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Funeral Dilemma

A friend of mine died recently. When I first met him, he was a Christian. However, he also had a strong analytic mind and so it didn’t take long for him to research the questions I posed to him. As a result, he de-converted. He told me once or twice about his really religious family. He was also gay and worried about how they would react to that reality. Now my friend is dead and his family was planning the funeral.

Even though he made it clear that he was a Secular Humanist, I had feared that his funeral would be religious. I asked Brother Richard from Friendly Atheist for advice on how to deal with such a dilemma should it have arisen.

In my mind there are essentially two ways I can think of to response should the funeral be religious (although there may be more). The first is that I could be respectful and not vocally object. The second is that I could vocally object, call attention to the rudeness of disrespecting my friend’s Secular Humanist values, and for using the situation to reinforce their religious beliefs.

Brother Richard advice fits in with the first and at the funeral that is exactly what I did. Every situation is different and in my particular situation, part of me wishes I said something. To say that the funeral was religious would be an understatement. In fact, the pastor (who was a non-blood relative) actively tried to convert non-believers. He made a point to insult my friend’s Secular Humanist values too. The family didn’t seem to know my friend and they didn’t seem to want to know him either. Except for one of his aunts who came over to us (his friends) afterward, the rest of his family just wanted to pretend he was someone that he was not.

There were two big musical numbers both of which were super-religious in nature. The pastor cut short the time his friends could speak about our beloved friend so that he could preach to us and talk about how our friend had a God-shaped-hole in his heart. I did get a chance to speak and I talked about our conversations about religion and humanism. But I didn’t really speak out the way I wanted to. I really bit my tongue (metaphorically speaking).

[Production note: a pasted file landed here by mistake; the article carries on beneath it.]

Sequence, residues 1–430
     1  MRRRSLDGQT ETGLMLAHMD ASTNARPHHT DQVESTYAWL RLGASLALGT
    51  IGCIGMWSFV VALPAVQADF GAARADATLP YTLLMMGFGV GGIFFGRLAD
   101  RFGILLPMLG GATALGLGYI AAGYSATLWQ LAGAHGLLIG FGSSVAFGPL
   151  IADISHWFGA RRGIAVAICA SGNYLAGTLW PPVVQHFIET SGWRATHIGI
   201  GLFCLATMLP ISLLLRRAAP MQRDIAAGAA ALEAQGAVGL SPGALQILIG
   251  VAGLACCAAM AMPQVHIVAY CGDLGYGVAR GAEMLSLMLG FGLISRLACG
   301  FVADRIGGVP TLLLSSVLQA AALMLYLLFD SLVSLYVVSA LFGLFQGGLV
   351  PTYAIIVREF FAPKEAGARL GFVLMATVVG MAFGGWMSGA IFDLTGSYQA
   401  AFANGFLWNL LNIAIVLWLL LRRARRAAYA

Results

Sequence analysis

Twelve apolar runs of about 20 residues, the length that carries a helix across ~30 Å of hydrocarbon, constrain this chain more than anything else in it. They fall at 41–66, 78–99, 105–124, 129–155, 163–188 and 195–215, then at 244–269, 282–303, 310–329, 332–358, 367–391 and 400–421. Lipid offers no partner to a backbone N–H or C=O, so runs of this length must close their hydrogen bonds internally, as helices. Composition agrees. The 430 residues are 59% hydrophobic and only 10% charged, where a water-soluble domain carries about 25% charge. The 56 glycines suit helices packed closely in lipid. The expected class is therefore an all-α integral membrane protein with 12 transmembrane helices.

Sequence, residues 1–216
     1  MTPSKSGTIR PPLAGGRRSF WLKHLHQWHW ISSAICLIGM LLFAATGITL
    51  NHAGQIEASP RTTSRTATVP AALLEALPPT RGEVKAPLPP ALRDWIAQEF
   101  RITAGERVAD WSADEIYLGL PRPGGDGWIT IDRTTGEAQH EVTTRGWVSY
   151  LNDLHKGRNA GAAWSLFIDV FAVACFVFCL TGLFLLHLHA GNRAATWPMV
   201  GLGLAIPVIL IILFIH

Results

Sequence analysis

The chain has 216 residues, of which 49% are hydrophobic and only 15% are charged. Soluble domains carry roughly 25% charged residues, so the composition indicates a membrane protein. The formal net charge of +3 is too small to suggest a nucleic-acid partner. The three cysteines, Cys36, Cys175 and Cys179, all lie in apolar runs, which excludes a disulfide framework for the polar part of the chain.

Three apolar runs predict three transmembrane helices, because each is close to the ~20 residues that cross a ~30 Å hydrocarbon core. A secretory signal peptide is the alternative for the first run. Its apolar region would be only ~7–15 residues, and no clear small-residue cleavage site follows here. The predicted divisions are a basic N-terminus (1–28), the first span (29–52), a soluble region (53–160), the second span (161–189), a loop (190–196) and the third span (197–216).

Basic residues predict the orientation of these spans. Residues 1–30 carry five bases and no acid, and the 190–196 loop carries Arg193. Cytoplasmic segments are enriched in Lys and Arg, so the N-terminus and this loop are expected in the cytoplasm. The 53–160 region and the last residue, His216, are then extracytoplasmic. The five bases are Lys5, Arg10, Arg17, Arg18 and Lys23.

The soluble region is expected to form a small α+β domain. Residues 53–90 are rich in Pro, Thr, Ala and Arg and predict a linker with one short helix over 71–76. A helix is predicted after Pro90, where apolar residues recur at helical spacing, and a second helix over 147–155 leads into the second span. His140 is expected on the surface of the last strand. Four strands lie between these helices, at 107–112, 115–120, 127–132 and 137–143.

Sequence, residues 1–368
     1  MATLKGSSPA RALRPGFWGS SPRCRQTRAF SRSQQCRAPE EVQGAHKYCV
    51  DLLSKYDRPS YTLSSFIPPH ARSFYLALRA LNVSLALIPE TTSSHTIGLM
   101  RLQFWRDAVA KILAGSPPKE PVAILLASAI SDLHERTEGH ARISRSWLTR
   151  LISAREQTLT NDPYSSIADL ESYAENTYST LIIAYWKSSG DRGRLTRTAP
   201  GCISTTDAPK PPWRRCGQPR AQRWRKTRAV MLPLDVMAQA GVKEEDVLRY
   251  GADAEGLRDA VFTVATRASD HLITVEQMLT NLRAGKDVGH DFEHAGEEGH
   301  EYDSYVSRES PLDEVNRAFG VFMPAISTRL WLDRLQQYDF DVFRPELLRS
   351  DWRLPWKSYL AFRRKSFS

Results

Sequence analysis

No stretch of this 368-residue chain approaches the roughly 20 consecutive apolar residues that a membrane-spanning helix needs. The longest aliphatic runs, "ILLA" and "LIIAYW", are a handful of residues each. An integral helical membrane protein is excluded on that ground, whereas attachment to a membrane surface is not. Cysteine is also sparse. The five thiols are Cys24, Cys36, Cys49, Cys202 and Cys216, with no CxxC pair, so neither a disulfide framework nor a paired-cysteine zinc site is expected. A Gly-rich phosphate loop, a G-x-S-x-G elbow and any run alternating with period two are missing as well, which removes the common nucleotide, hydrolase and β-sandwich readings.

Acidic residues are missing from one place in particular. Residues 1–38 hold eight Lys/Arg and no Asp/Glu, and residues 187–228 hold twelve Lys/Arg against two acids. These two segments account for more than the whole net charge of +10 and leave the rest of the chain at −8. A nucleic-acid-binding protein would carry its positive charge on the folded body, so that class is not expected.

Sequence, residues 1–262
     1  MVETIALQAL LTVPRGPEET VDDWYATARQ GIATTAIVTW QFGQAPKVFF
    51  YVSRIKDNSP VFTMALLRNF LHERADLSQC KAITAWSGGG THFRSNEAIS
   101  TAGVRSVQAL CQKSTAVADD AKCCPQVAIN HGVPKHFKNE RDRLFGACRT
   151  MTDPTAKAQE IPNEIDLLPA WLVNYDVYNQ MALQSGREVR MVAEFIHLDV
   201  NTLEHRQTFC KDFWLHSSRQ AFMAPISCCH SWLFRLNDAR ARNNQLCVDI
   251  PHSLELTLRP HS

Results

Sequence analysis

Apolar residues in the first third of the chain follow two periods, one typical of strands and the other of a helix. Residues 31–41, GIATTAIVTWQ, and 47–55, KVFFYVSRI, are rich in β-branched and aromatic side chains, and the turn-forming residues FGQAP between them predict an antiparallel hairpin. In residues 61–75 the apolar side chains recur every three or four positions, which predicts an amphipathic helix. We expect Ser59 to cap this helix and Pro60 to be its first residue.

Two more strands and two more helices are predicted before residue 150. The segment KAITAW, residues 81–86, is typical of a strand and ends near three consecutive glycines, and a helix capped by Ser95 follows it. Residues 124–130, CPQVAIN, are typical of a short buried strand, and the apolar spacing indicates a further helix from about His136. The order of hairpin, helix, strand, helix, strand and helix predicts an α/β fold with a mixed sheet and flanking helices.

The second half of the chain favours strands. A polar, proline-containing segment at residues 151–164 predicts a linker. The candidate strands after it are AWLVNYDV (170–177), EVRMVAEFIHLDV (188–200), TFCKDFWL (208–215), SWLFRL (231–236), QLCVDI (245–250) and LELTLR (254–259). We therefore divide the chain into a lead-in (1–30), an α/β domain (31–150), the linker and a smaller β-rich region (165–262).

There was a repass scheduled for after the funeral service to gather and talk. I had originally intended to go to that so that I could talk to his other friend about him and remember him better. But it was clear after the funeral service that I would almost certainly have been vocal about how insulting I found the funeral. It turns out that his other friends didn’t really want to go either so we decided to go out for lunch together to talk about all the good times we had with our friend. So once again his family squandered the opportunity to get to know him better through his friends.

I really feel that his family engaged in a form of psychological/religious bullying and it was really inappropriate, disrespectful, and insulting. Part of me wishes I would have been more vocal about my outrage at the funeral, but I just don’t know if that would have been the right thing to do either. I do know that the aunt who was dancing in the isle yelling, “Praise Jesus” every few minutes was not the right thing to do.

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  • Anonymous

    As we learn by experience, [hopefully], if a similar situation arises again, you may decide to act differently.

    Causing a scene is, in general, probably best avoided: though in some circumstances that may be the best option.

    So, rather than biting your tongue [and doing violence to your spirit], you might in future choose to speak more authentically. Although you might prefer to tell only some of the truth, not all of it. Other mourners will doubtless relate to what you say: and some at least will be glad that you’ve said it.

    I’m currently faced by a possibly rather more delicate problem: not a funeral, but a marriage. My brother and his partner of over 15 years, both atheists, are getting married next month: in a church! For the sake, I believe, of her mother and grandmother. How much ought I to say, on the day, about the hypocrisy of this?

    [Ordained minister, First Church of Atheism — http://FirstChurchOfAtheism.com

    • Anonymous

      Well, this is a little different, because while a funeral is supposed to be about the only person who can’t give an opinion, a wedding is about two people who have every right to opine and decide. By all means discuss with them the matter BEFORE the wedding and even gently suggest they keep it as soft-focus and non-holly roller as possible. However on the day of the wedding you should, within reason, do as requested by your brother and future sister-in-law. It’s their day, and they have a right to decide how it goes through, even if you rightly see it as a sham.

      Save your protest vote for when they decide to baptize the kids or send them to Sunday School.

  • Anonymous

    I’m fairly sure that I can count on my wife to make sure this doesn’t happen when my cancer claims me. OTOH, if she goes first, I don’t know who I can trust with handling my final arrangements.
    It’s a quandary. I don’t what what happened to your friend happen to me (not that I’ll know or anything).

  • http://pulse.yahoo.com/_WJUNJ5ZK2HEC4M6BEQDGLZVPSU Cher Kissell

    I’m sorry you lost your friend and I do believe you should have spoken up…he certainly couldn’t.

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